The holy sefarim tell us that on Yom Kippur the Satan does not rule, and no angel is allowed to stand and accuse the Jewish people. Whoever comes to speak negatively about them and tries to prevent their repentance from being accepted willingly, Hashem immediately removes him and lovingly and willingly accepts our repentance.

Zecher Tzaddik Livracha

Rabbi Yehuda Leib Ashlag zt"l, the Ba'al HaSulam

Rabbi Yehuda Leib Ashlag, known as the "Baal HaSulam" after his huge treatise on the holy Zohar, was born in Likuba, Poland. He absorbed his main approach to Torah from the Rabbanim of the Gur Yeshiva in Warsaw.

His passion for learning the wisdom of Kabbalah took root already in his youth. It is said he used to hide pages of the Zohar and the writings of the Arizal inside his Gemara. He wished to establish the study of Zohar in Polish yeshivot, and to that end even met with Rabbanim and Admorim, requesting their agreement. However, they did not comply.

After a short term of living with his father-in-law in Porisów, he moved to Warsaw where he was ordained as a rabbi and served as a Dayan for sixteen years. During this period he met someone known as a merchant, who was in fact a hidden Kabbalist. In his writings Rabbi Ashlag refers to this person as "My holy teacher zt"l", and it was he who taught Rabbi Ashlag Kabbalah.

Following the death of his master he decided to immigrate to Eretz Yisrael. On the 16th of Tishrei 5682 he arrived in Eretz Yisrael, and when he heard there was a yeshiva of Kabbalists in Yerushalayim, the 'Beit El' yeshiva, he settled in the Old City of Yerushalayim. According to the testimony of his grandson, Rabbi Simcha Ashlag, already during the days of the First World War Rabbi Ashlag would often lament the imminent destruction of the world. He warned of the Holocaust soon to take place in Europe, and of the great danger this would pose for the Jewish people.

He arrived in Eretz Yisrael with nothing. He did not want to benefit from his rabbinical certification, so in order to support himself he engaged in processing hides and making soap, using a soap machine he brought with him from Poland. However, it did not take long for him to become famous for his greatness in Torah, and he was then appointed Rabbi and Dayan in the Givat Shaul neighborhood.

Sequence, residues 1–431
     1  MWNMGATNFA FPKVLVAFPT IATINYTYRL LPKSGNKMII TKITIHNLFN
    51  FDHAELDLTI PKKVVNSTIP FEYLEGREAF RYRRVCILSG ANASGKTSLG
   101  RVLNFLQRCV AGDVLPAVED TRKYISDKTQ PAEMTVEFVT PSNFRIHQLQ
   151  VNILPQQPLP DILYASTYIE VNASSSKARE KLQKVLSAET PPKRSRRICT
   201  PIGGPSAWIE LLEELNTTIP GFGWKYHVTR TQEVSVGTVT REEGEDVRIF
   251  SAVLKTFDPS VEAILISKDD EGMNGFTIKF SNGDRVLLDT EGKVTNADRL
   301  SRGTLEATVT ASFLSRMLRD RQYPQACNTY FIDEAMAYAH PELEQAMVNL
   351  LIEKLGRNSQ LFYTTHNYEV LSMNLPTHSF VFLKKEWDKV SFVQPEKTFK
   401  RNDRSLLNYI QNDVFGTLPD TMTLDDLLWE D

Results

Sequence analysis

In 5686 the Baal HaSulam travelled to London and remained there for about a year and a half, not leaving his house at all. During this time he wrote his first sefarim, Panim Me'irot and Panim Masbirot, commentaries on the sefer Etz Chaim of the holy Arizal. It was a great innovation in the world of Kabbalah, because until then no systematic commentary had been published on the Arizal's sefer. In his sefer Rabbi Ashlag presented a method with wonderful, clear principles and guidelines. In the year 5693 he began composing his huge work Talmud Eser Sefirot (with sixteen sections and more than two thousand pages), including all the writings of the holy Arizal. In this masterpiece, he grouped passages from all the writings of the Arizal, not according to the time of their writing, but according to the order of the sequence of spiritual states, in the way of cause and effect.

In 5703 the Ba'al HaSulam began his huge composition: the commentary HaSulam on the holy Zohar. He devoted his entire day to writing this commentary, and wrote for more than eighteen hours a day with an enormous devotion, at great financial and physical cost. Upon completion he said, "This commentary will allow people to learn the Zohar as they learn Chumash with Rashi." He also stated that 150 years after the compilation of HaSulam, children will study it in the Talmud Torah.

After completing the writing of this great work, the Baal HaSulam's health began deteriorating steadily. He felt his end was drawing near, and therefore made a final trip to Tzefat and Meron, where he prepared a great feast for his talmidim. None of his students understood that this was in fact a farewell feast.

On the day of his passing, in the middle of the holy Yom Kippur 5715, the Baal HaSulam ordered the prayer to begin two hours earlier. When the chazan recited the words, "With long life I will satisfy him, and I will show him My salvation," he returned his holy and pure soul to his Maker.